Earning a writing degree before the existence of the internet might have meant that your writing would go into a book or newspaper. Now, a writing major can land your words just about anywhere around the world, in any form.
For Will Montei ‘13, a writing degree has empowered him in his work as the brand manager for Omni ePartners in Seattle, Washington. Since September 2015, Montei has worked his way up to managing 12 brands in e-commerce, assisting them with everything from marketing to operations to distribution of products.
The goal of Omni ePartners is to help companies look as attractive as possible to customers with a flawless catalogue of images, copy, headlines and reviews on e-commerce sites. Montei finds the perfect combination of words for these aspects with his favorite part of the job: catalogue scrubbing.
With catalogue scrubbing, Montei polishes the brand’s presence on Amazon by making sure the products have good titles, descriptions and images, which improves search results. “Sometimes when I’m in the zone with my coffee at my computer, I really enjoy catalogue scrubbing because it’s like piecing together a puzzle and getting words right, thinking about how attractive the product is to the customer,” he said.
There are other perks to the job, too. “I love my coworkers. Being able to look forward to the faces in the office is huge for me every morning,” Montei said. “I enjoy the big wins [for companies], like setting a price promotion for a brand and that they make a lot of money from.”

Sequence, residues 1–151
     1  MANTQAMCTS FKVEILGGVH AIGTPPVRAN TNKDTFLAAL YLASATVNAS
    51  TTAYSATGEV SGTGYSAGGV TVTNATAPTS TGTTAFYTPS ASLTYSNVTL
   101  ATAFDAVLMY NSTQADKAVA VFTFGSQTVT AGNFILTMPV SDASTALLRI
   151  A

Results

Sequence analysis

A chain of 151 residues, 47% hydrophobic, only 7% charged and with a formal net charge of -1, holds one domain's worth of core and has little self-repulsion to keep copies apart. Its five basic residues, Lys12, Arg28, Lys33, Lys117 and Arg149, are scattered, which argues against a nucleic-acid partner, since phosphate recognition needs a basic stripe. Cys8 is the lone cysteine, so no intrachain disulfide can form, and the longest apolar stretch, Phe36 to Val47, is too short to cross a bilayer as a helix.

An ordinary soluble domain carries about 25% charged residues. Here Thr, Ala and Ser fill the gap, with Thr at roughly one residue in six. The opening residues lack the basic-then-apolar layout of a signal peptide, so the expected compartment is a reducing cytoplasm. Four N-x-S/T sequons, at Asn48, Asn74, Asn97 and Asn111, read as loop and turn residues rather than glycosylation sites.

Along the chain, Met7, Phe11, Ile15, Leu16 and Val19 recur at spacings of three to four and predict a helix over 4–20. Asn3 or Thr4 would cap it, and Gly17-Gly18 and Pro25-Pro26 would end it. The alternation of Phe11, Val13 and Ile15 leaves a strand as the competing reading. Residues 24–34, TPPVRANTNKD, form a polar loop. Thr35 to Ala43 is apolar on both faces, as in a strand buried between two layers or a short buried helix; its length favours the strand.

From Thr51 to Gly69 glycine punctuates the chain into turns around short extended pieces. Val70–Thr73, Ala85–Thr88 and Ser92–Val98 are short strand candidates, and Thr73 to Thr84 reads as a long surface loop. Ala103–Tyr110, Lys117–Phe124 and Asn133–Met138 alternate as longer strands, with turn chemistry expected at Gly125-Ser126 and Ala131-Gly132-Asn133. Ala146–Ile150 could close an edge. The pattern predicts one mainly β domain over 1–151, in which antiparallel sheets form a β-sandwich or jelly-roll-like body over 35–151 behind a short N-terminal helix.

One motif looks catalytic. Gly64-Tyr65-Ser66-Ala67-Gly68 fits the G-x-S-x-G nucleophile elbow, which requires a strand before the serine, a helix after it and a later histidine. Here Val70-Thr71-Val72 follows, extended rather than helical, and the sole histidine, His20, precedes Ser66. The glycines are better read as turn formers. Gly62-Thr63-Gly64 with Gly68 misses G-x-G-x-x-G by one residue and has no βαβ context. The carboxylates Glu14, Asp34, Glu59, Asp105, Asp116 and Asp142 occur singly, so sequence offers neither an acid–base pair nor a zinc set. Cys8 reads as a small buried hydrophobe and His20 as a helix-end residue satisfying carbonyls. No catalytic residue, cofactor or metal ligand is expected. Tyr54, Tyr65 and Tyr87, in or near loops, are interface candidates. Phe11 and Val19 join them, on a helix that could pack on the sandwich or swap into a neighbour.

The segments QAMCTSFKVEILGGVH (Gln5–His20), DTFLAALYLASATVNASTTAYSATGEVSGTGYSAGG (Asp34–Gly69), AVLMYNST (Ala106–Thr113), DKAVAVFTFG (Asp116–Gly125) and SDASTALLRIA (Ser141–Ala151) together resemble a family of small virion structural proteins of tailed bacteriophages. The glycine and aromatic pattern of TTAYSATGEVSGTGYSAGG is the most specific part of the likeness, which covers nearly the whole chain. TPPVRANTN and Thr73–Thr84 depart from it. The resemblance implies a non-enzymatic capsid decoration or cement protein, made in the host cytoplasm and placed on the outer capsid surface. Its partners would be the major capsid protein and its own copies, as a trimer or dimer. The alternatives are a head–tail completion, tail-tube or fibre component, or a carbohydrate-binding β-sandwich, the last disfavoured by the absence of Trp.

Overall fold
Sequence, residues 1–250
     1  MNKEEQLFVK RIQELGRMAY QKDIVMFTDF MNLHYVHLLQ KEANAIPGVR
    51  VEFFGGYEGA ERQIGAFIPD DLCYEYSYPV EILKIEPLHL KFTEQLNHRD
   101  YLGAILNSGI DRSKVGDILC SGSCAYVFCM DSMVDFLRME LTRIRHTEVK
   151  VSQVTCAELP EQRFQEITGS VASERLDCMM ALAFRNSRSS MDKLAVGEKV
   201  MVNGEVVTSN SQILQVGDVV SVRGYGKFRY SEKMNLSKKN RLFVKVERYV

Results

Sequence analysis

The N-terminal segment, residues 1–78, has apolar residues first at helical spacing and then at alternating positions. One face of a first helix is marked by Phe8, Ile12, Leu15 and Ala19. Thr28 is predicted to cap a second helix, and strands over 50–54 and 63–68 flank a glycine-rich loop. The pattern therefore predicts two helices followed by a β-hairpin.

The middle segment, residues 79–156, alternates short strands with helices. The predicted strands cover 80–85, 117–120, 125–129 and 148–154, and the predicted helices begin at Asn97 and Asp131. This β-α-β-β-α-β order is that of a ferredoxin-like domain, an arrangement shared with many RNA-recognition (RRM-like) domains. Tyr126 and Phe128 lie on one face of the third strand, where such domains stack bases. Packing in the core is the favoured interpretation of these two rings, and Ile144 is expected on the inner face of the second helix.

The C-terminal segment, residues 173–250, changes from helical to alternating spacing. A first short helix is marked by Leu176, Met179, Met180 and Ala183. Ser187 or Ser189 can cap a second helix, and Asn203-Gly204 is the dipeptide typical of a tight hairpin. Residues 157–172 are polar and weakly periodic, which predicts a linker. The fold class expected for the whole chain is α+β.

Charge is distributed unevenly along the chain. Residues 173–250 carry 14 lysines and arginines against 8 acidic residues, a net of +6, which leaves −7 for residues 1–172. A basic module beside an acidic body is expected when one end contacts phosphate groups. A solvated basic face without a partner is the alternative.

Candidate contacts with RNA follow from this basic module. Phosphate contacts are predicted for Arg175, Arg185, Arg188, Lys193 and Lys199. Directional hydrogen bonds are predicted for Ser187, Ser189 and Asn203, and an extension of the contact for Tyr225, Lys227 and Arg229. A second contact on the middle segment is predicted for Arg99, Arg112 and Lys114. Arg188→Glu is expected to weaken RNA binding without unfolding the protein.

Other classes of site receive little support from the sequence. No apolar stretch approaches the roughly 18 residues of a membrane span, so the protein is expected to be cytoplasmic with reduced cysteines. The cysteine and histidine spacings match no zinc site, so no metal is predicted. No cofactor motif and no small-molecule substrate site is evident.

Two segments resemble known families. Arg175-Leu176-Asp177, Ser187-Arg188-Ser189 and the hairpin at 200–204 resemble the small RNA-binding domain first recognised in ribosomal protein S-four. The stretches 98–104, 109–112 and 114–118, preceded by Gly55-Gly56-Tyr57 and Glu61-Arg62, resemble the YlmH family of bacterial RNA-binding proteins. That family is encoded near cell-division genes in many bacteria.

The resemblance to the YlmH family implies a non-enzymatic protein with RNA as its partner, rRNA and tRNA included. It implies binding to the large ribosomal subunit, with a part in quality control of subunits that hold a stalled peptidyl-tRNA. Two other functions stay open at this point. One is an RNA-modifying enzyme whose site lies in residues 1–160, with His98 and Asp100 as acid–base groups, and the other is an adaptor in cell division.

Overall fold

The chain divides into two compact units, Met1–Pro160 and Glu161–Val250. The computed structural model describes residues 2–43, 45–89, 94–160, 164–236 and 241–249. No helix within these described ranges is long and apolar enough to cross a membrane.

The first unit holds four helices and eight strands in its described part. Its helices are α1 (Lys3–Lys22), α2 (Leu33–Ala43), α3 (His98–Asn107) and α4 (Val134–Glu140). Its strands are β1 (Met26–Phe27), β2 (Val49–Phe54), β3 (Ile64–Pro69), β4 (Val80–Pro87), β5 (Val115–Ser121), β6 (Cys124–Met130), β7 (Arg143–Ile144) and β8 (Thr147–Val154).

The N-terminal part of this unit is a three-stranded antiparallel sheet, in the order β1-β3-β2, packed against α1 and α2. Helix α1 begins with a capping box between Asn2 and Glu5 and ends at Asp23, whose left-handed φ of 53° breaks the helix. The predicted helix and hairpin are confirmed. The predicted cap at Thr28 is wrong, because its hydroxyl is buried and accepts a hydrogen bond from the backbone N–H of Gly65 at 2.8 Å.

Word choice and presentation
Montei’s interest in writing began in a creative writing class in high school, where he was given freedom to write whatever came to mind. He carried that creative freedom to Calvin.
“I definitely learned a lot of important skills from my writing degree that I have taken into my job in marketing,” Montei said. “Writing is all about word choice and presentation, and I do that every single day in emails or putting copy up on an Amazon detail page. I’m still in the writing world, but in a different way.”
Montei was the arts and entertainment editor for Calvin's student newspaper Chimes, writing reviews for concerts and theater performances. He “still hasn’t shaken off that college optimism”, as he is currently working on a novel.
Assessing the world
Along with writing opportunities at Calvin, Montei is thankful for the ways that Calvin impacted his faith. “Calvin really deconstructed my faith in a lot of good ways,” he said. “Calvin did a great job at teaching me how to think and assess the world, and have discernment qualities. As a philosophy minor, I was constantly engaged in a lot of different ideas with those classes and my literature classes. I loved everything about my experience at Calvin—if I could do it all over, I’d go back in a heartbeat.”
Montei has hopes of eventually becoming a high school teacher, pastor, and/or novelist someday. At Calvin, he learned to take life one opportunity at a time and invest in community along the way. “You need a community to keep you rooted and always point you to the goodness in life,” he said. “A lot of life is having plans changed on you that are out of your control, and then figuring out what you can do with that.”